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Palm-sized gearbox goes boldly into space

01 April, 2002

Palm-sized gearbox goes boldly into space

A tiny, custom-designed gearbox has played a critical role in ensuring the success of the European Space Agency`s largest ever satellite, which was launched from French Guiana earlier this year. The £1.2bn Envisat environmental monitoring satellite is designed to make the most complete set of earth observations ever performed by a satellite.

A critical element on board the satellite is its 70m2 solar power array which generates up to 8kW to keep its vital instruments working. The array was unfolded once the satellite was in orbit using a battery-powered motor and a cable pulley system. The motor`s output was routed through a gearbox developed for this role by David Brown Engineering (DBE).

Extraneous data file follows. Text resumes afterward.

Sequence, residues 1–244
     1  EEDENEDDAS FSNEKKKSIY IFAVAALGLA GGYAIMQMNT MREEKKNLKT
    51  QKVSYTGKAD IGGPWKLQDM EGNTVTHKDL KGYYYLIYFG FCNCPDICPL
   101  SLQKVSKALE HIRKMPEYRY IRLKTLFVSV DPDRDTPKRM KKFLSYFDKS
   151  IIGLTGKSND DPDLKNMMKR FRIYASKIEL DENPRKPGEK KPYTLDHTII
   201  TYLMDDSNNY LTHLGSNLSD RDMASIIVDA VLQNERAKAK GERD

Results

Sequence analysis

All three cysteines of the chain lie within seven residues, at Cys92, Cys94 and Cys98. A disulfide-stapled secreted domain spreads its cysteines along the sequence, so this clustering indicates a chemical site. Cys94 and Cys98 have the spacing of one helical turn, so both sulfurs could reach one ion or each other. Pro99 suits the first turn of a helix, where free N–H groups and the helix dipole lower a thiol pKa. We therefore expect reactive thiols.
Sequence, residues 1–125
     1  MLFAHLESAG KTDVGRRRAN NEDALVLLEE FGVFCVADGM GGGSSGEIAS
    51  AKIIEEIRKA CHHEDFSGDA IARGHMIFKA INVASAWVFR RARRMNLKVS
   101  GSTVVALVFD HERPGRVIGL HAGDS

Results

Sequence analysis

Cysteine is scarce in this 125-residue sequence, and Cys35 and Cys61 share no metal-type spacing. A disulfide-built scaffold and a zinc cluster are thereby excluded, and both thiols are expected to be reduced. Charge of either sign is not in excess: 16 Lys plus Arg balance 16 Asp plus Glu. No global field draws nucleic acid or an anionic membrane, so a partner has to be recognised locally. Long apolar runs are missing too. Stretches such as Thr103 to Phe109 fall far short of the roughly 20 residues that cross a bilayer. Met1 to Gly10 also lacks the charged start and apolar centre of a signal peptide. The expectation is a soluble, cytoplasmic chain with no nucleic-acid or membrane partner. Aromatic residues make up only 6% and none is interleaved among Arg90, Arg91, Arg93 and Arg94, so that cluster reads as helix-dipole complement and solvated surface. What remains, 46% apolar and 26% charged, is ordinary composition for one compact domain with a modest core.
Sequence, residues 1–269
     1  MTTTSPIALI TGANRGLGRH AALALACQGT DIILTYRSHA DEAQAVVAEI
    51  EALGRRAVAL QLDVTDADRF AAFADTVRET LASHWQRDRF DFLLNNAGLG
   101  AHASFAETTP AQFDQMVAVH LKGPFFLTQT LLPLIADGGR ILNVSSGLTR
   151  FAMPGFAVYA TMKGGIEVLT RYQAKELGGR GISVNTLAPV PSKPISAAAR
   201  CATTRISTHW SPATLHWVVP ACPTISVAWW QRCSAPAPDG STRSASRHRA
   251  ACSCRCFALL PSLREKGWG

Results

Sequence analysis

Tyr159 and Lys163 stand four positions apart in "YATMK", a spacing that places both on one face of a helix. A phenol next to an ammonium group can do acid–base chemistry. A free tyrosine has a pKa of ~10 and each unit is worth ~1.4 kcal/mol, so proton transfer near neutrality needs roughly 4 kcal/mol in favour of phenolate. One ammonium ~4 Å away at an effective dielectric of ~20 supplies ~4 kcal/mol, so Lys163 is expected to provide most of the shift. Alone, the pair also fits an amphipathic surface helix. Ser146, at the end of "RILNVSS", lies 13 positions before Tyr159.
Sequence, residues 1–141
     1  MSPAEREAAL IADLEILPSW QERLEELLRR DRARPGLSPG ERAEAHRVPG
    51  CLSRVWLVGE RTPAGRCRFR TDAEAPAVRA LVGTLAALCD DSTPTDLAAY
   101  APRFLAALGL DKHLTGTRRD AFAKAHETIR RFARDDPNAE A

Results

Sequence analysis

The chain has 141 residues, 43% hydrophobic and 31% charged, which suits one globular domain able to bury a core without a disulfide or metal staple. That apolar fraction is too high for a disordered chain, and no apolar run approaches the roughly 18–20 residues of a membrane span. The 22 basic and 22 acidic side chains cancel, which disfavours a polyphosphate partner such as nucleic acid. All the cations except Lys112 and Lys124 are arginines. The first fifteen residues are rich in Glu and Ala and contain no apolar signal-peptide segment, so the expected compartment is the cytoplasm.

The 10cm-diameter gearbox contains an epicyclic gear train of a two-stage sun and triple-planet wheel arrangement, giving an overall ratio of 38:1. The gearbox had to produce a maximum power-to-weight ratio from as small a package as possible, to minimise the impact on the satellite`s payload.

Reliability was also crucial. "The small gearbox only had to operate once, but it had to work with absolute certainty in a harsh environment, and following the stresses imposed by a rocket launch," says Phil Dalton, DBE`s technical sales manager.

DBE inherited the Envisat project when it bought Alvis Transmissions in 1998. Alvis had already begun work on the design and development continued during and after the takeover. David Brown is now supplying similar gearboxes for another ESA project - the Metop series of weather and climate monitoring satellites, the first of which is due to be launched in 2005.




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